Captain Robbie Middleton was the guest speaker for the first meeting in November at the club, introduced by President Eric Bell who was chairing the meeting.
“My Life at Sea” was the title of his talk, and he certainly had many tales to tell.
From an early age he had always had a desire to go to sea, and by 11 years of age his mind was definitely made up.
From school to Robert Gordon’s College where he gained knowledge of the skills required to be successful at sea, then to join a ship from Liverpool to sail worldwide.
At this time, qualifications were gained by periods at sea for up to two years, followed by study and exams at Robert Gordon’s College.
This study and experience lasted more than 10 years then Robbie took charge of his own ship as captain.
In this era, many companies were being bought over and amalgamations led to loss of available smaller craft as the size of the ships also grew.
Getting married to Judy didn’t stop his career as she then accompanied him on his many trips to foreign shores.
When his family of two daughters arrived in the years following, they, too, joined their parents on the ship.
He remarked about this wonderful time when they all sailed together and the great social life, as other members of the crew also had family on board.
For safety, the children had not to leave their quarters unless accompanied by an adult, leading to his young daughter, Clare, asking crew members if they were a “grown-up” and, if so, could they go with them.
By the age of five, Clare had to go to school at home, so this meant Robbie was left to go to sea himself, with his wife and other sibling at home too.
After many years sailing round the world delivering cargoes to all countries, Robbie worked for some time with a cruise liner, which also carried cargo in the form of tomatoes from the Canary Islands to London docks.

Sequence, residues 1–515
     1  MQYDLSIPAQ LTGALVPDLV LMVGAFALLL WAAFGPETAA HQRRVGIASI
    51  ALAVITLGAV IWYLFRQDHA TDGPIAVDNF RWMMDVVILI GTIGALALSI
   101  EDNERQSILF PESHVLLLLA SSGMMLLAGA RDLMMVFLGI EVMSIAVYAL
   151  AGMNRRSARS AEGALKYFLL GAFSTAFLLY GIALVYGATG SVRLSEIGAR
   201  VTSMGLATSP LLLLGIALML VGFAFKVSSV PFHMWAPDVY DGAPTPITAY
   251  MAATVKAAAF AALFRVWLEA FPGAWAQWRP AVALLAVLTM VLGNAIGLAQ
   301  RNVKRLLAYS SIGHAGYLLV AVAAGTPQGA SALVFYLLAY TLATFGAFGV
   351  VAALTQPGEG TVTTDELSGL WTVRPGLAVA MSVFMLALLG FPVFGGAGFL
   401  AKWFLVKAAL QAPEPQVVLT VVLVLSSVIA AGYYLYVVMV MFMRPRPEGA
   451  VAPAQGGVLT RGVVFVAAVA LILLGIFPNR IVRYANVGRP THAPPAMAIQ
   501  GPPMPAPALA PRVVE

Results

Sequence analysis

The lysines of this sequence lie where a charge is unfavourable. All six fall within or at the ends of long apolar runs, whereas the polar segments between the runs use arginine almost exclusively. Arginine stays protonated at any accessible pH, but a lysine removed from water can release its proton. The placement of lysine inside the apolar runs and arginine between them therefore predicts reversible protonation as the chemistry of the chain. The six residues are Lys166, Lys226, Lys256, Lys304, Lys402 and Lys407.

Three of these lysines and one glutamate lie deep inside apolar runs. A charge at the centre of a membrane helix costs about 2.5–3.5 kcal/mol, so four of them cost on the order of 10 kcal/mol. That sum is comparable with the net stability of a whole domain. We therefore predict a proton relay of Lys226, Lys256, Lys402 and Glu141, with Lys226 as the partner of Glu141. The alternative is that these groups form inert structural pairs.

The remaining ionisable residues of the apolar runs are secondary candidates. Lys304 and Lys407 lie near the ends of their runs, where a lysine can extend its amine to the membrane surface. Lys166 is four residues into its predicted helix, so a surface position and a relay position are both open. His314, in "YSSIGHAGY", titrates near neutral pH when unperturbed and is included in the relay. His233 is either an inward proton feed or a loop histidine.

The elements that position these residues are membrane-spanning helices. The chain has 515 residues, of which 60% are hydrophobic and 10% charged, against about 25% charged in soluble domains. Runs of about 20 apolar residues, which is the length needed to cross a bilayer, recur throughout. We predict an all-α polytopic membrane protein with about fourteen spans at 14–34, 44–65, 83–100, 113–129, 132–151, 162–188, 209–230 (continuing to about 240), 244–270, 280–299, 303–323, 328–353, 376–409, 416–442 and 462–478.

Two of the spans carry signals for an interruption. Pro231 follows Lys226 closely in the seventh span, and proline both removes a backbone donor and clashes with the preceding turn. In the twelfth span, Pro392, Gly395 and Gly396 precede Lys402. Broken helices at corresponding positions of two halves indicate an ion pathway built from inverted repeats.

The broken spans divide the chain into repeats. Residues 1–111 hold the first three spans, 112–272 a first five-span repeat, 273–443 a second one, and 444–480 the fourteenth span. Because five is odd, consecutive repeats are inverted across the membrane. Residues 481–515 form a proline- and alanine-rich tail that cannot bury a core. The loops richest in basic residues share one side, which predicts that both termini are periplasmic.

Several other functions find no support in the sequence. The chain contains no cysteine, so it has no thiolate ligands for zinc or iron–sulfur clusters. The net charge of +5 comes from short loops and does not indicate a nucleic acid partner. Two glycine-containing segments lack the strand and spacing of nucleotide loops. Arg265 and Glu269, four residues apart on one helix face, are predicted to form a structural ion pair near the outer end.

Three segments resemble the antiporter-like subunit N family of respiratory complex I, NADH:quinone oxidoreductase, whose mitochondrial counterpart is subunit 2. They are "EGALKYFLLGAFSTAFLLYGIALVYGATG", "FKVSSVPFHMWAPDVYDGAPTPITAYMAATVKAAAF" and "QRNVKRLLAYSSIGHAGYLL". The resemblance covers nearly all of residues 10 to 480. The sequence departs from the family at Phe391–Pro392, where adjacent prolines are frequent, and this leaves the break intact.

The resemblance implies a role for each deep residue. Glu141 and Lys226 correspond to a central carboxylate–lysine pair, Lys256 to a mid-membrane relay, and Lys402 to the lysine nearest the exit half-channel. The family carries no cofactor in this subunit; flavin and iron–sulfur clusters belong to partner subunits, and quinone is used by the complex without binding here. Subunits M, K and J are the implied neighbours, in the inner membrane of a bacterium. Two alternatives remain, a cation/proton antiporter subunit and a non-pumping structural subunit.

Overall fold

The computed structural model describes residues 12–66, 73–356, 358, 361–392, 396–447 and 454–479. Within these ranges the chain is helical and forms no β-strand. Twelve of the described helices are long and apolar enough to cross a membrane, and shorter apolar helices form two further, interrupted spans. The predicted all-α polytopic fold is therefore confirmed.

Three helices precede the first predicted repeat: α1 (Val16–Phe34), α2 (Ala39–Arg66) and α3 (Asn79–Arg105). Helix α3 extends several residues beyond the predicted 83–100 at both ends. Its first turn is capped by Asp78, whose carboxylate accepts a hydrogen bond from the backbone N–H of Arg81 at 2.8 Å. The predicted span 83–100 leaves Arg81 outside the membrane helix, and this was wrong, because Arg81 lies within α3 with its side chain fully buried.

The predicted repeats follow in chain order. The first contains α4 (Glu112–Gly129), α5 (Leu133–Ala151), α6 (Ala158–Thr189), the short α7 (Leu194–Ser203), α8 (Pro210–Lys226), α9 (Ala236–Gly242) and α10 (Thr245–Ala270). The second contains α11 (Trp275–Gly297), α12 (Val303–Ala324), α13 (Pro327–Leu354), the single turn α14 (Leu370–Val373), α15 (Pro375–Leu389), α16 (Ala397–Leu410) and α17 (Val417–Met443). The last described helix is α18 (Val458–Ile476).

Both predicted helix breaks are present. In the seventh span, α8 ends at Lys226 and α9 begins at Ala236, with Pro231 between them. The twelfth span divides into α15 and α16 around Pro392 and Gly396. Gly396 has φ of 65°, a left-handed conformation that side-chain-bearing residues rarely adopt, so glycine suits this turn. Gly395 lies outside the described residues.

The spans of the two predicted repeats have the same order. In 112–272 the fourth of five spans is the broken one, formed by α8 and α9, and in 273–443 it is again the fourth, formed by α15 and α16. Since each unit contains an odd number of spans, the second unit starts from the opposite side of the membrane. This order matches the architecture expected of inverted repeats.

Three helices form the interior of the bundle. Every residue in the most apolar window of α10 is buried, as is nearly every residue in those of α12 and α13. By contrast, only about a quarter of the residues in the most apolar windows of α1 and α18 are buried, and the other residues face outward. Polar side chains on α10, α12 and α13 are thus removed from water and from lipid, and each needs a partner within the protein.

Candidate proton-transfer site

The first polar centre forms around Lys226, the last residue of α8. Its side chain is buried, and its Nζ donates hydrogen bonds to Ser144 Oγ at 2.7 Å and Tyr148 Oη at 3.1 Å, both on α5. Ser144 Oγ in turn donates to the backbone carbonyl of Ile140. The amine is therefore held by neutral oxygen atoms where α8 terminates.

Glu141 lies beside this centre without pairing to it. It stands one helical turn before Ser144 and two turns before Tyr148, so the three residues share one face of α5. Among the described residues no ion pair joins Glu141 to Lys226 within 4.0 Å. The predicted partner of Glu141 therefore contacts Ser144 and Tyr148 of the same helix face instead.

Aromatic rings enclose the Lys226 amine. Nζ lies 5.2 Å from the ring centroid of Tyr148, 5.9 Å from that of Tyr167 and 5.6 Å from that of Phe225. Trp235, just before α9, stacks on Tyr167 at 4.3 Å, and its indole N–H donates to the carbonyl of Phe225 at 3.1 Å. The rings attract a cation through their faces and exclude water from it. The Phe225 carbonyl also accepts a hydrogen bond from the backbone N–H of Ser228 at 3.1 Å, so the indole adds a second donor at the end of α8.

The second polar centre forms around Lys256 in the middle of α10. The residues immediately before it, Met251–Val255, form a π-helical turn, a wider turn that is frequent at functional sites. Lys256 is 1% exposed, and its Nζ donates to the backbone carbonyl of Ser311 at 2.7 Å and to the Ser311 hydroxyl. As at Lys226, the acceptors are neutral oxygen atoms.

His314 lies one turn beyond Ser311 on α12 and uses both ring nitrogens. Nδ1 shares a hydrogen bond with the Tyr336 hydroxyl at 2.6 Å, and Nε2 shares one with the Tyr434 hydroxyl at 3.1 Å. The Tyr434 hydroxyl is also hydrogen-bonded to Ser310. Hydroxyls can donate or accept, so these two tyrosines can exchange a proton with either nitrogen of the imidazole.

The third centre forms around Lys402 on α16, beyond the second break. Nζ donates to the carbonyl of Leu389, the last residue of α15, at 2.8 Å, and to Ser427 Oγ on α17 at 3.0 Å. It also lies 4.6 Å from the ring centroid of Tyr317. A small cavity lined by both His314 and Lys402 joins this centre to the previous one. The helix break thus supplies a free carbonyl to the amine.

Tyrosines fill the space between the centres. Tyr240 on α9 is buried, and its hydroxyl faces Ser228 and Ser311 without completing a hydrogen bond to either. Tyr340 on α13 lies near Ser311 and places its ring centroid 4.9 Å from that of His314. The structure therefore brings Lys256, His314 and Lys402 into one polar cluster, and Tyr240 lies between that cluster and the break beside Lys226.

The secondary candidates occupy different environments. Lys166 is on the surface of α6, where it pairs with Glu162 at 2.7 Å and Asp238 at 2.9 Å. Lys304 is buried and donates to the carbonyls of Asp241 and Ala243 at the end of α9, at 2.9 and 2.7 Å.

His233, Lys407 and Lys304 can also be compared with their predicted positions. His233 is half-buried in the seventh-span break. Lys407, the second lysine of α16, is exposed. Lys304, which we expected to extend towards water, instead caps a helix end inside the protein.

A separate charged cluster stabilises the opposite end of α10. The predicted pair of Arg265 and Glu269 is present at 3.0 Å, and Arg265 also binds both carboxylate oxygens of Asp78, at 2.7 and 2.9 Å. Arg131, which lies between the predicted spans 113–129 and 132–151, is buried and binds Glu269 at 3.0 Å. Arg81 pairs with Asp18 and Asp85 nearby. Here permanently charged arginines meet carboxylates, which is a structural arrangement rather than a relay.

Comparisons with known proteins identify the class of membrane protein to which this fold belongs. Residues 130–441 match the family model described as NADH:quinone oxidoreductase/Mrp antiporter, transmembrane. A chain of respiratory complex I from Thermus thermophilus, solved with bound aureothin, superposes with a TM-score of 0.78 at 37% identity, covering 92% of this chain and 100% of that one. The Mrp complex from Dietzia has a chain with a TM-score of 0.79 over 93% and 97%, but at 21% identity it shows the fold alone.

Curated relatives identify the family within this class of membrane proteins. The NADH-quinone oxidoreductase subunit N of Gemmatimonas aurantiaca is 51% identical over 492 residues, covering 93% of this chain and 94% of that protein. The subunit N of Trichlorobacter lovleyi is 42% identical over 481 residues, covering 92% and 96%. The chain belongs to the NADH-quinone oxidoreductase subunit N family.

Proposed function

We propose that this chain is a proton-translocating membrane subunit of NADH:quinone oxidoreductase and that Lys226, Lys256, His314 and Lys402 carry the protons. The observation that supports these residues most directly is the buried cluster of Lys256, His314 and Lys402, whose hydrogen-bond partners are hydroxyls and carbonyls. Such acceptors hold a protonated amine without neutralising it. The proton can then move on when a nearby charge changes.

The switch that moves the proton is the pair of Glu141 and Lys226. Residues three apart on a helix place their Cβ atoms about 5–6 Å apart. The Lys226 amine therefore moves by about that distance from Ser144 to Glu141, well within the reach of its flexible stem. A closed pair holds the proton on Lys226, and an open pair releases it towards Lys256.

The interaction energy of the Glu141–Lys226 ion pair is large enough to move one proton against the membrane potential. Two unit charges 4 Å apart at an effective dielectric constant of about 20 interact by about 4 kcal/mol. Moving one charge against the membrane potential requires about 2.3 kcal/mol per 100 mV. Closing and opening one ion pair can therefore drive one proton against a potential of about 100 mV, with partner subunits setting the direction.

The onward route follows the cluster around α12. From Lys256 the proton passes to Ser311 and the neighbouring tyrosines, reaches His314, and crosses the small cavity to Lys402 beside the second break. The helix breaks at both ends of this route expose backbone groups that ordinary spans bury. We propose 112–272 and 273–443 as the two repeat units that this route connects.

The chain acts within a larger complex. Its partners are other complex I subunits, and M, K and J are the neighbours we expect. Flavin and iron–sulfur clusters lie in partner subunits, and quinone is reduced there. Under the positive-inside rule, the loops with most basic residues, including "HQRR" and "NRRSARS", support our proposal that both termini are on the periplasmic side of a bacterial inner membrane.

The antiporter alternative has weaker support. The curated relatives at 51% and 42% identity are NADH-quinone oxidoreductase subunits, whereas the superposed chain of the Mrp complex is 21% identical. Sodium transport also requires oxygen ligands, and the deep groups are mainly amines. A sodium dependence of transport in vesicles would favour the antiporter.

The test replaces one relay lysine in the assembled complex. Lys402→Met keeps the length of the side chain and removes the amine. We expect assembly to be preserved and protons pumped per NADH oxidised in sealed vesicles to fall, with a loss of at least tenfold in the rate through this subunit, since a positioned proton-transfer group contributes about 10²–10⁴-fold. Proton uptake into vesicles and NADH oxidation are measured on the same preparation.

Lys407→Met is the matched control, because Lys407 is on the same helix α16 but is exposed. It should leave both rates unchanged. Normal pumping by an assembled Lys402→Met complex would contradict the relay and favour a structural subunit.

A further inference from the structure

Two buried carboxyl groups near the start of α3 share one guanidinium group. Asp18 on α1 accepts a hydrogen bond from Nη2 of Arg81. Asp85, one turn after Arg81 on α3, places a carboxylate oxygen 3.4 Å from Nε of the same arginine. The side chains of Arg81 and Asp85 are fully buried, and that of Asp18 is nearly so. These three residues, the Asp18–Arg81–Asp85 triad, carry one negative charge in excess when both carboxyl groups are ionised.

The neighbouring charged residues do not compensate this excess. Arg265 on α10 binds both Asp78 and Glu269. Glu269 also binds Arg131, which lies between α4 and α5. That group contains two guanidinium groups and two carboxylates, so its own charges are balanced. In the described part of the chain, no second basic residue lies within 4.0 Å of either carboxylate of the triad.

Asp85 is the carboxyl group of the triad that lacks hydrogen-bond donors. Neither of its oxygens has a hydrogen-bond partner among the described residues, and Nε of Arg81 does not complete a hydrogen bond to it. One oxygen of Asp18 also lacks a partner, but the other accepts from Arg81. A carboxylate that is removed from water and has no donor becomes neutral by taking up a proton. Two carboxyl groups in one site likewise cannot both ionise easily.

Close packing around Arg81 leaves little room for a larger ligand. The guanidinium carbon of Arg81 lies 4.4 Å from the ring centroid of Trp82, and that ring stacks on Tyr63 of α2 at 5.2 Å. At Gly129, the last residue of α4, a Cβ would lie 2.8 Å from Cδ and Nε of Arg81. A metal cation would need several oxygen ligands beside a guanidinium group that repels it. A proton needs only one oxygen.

Since retiring from his sea-going trips and cruises, Robbie has not been idle and is a respected member of many boards and companies dealing with the oil industry in the North-east.
His life now also sees him travel the world as president of The Nautical Institute, attending meetings in Australia, Hong Kong, the Philippines, America and wherever he is needed.
His elder daughter, Clare, also went to sea and has a full Masters Ticket, which allows her to take full sized cruise liners to sea but is meantime taking time off to raise her own two girls. No doubt they may also find nautical careers, something of which Captain Robbie, as granddad, would be very proud.
After a healthy question and answer session where Robbie ably replied to his audience, Albert Smith called on members to thank him for a wonderful talk and presentation.
n What did you think of this Mearns Probus report? We want to hear your views. Contact us by telephone on (01569) 762859, or email us at email@example.com.
Alternatively you can write to us, or pop in to see us at our office at 12 Ann Street, Stonehaven, AB39 2ER.
If your club or association would like their report published in the Mearns Leader and Kincardineshire Observer, send it in to us and we will do our best to include the report at the next available edition.